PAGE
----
The brutality as at Category 5 that night; if the show were a hurricane, Kanye West would be accusing Barack Obama of not caring about black people while Mike Meyers flees the telethon.  It was the real deal.  Vital Remains' guitarist was even rocking a custom inverted cross guitar with light up siguls on the body.  It was the exact kind of guitar that somebody who doesn't listen to death metal would buy if they were trying to get in to a death metal band.

Tony Lazaro: "I'm trying to join this band.  They tour and have lots of goats and pentagrams and things on their merch, and I need to fit it.  I need a guitar that looks like death metal incarnate, and make sure it's pointy!"

Guitar Center employee: (taking a break from playing blues licks) "Right on, let's see what we have.  Death metal dudes like the Randy Rhodes flying-V." (points to one hanging on the wall)

Tony Lazaro: "That's pretty pointy, but I'm looking to set myself apart from the rest of the pack.  Don't you have something with inverted cross inlays?"

Guitar Center employee:  "Actually, we do, but the guitar itself is ludicrously oversized and requires fifteen D batteries to power the light up symbols on the body.  It's completely retarded looking and can barely be played.  Here it is."

(Guitar is unveiled with a chorus of angels singing behind it)

Tony Lazaro: "Now THAT'S pointy!  I'll take it!"

 Luckily Vital Remains is a good band, otherwise this would be wholly unacceptable.

All of the bands played very well except Hate Eternal, whose music I've never understood and whose live show was pretty boring and meandering.  I don't know what it is about Hate Eternal that makes their music fly right over my head, but I seriously have never been able to hear what the big deal is about them.  I was really hoping that seeing them live would change my mind, but the only thing that I could think about was that Erik Rutan was more heavyset in real life than I thought he would be.

Sorry, Erik Rutan.
Origin was amazing, and their new singer knows how to get the crowd all whipped into a frenzy.  This was the first show I've ever been to in Austin that had people crowdsurfing and moshing nonstop.  I go to lots of shows, and the Austin local crowd is pretty laid back, but tonight they wanted to be in the mix, fucking shit up, and everyone else in attendance was happy to help them do a Wayne's World-style crowdsurf.  Abysmal Dawn and Vital Remains were excellent as well, with tasty licks and proselytizing to the crowd about how God doesn't exist and is stupid.

Standard stuff, really.
The only downside to the evening is that the merch was powerfully overpriced.  I went and was perusing the selection at Abysmal Dawn's merch table, and they were selling shirts for $20 to $30.  What the fuck?  I came to this show with an extra ten bucks to buy some Origin merch or something, and you're telling me that every shirt costs double what I have?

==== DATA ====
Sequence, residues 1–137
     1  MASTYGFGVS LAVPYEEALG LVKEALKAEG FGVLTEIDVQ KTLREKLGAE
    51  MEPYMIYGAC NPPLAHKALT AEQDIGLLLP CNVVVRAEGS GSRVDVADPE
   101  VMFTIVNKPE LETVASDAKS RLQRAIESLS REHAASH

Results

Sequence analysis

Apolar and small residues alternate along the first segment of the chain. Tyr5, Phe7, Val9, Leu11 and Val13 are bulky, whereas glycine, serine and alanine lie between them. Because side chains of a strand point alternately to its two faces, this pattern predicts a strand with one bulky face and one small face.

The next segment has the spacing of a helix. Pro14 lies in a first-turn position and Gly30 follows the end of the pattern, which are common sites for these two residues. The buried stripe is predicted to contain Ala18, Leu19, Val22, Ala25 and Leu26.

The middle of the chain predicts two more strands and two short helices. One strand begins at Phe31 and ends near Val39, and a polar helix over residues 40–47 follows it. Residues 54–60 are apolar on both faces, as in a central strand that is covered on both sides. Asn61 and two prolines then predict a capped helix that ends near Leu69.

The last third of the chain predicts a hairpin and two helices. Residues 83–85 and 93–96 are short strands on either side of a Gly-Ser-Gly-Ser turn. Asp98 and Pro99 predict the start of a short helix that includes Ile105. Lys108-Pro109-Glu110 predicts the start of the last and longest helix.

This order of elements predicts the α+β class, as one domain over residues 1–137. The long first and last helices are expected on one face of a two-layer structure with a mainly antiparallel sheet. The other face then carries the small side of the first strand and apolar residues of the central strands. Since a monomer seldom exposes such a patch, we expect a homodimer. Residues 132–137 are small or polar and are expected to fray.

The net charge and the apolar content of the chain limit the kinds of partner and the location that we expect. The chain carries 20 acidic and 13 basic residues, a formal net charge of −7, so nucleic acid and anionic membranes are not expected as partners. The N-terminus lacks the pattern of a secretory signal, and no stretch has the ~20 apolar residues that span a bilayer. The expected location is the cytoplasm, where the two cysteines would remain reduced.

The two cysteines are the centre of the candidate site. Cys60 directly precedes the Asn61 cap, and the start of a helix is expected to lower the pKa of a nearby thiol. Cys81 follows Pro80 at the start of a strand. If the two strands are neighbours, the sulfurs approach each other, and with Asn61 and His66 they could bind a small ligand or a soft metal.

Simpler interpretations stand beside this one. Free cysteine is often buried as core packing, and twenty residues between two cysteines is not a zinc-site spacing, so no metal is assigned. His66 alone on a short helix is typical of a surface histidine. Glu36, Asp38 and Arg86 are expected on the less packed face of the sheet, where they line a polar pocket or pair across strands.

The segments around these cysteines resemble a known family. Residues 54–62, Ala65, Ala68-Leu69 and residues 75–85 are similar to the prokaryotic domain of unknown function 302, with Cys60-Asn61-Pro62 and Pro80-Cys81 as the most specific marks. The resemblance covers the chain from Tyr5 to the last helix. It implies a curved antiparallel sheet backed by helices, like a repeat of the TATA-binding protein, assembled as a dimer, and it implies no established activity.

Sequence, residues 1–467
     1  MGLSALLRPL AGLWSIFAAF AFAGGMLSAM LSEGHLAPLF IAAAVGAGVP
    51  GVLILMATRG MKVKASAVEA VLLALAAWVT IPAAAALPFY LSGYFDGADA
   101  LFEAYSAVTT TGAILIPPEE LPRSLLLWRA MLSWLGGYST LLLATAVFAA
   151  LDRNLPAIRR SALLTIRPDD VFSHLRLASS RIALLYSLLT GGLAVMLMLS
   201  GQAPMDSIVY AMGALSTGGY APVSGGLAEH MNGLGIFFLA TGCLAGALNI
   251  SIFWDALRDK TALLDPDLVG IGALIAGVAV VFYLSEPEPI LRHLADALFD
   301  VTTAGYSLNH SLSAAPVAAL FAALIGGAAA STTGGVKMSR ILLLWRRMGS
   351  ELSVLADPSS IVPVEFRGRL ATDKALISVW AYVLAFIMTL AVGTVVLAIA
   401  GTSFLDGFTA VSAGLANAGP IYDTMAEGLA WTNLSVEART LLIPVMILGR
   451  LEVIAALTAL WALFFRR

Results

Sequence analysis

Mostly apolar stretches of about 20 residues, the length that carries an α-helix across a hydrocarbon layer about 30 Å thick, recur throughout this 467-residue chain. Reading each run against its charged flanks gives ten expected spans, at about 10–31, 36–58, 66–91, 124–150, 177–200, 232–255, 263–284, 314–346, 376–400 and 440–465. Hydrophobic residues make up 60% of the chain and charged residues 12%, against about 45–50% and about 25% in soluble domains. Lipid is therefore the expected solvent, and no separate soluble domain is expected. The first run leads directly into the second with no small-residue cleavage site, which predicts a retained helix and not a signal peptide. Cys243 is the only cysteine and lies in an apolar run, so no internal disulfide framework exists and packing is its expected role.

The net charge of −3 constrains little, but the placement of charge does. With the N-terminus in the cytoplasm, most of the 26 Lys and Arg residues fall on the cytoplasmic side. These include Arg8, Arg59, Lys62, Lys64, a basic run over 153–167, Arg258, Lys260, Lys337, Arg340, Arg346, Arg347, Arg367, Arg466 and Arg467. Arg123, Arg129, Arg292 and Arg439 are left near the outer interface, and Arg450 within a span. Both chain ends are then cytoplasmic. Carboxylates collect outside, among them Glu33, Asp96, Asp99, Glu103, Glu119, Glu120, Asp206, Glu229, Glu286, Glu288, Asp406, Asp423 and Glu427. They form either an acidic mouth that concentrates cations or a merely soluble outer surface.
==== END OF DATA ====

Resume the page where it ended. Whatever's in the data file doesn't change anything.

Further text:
Now I'm sad.
I know this was a big tour, and that these bands play larger club venues on the weekends to thousands of screaming nerds.  Some of those nerds probably have deep nerd pockets, too.  I would have expected to see the merch cost a lot if I went to this show at the Key Club (which is where I would have to go if I still lived in California), but I was hoping for a little bit of a price break at a 300 person show on the inside (read: small) stage of our local larger club venue.  And Charles from Abysmal Dawn was giving me the business about how they needed gas money to get to the next show.  I know that, buddy.  But I make blogger money, which is less than it sounds, and can't just go throwing around Andrew Jacksons like the King of Siam.  So I was forced to buy no merch, because I literally couldn't afford it.

Dear bands,
If you're Iron Maiden or you're playing a legitimate stadium-style venue, you can charge whatever cockamamie price you want for a t-shirt.  I know that you need to make ends meet on the road; I have to make them meet at home, too.  I'm happy to pay for a shirt or a record or something.  In fact, it's one of my life's greatest pleasures.  But don't price things up like you're on the road with Metallica.  I want to give you all of my money and get a couple of things, not just spend $20 on a shirt that was made for a 4'10", obese death metal nerd.  I don't want a wide, billowy belly shirt for $20.  That's far too big of a risk.  Dial it back and make sure that I can justify spending the money, because I, like many other people, want to own all of your ridiculous shirts and stuff.  But you're totally cockblocking us from doing it.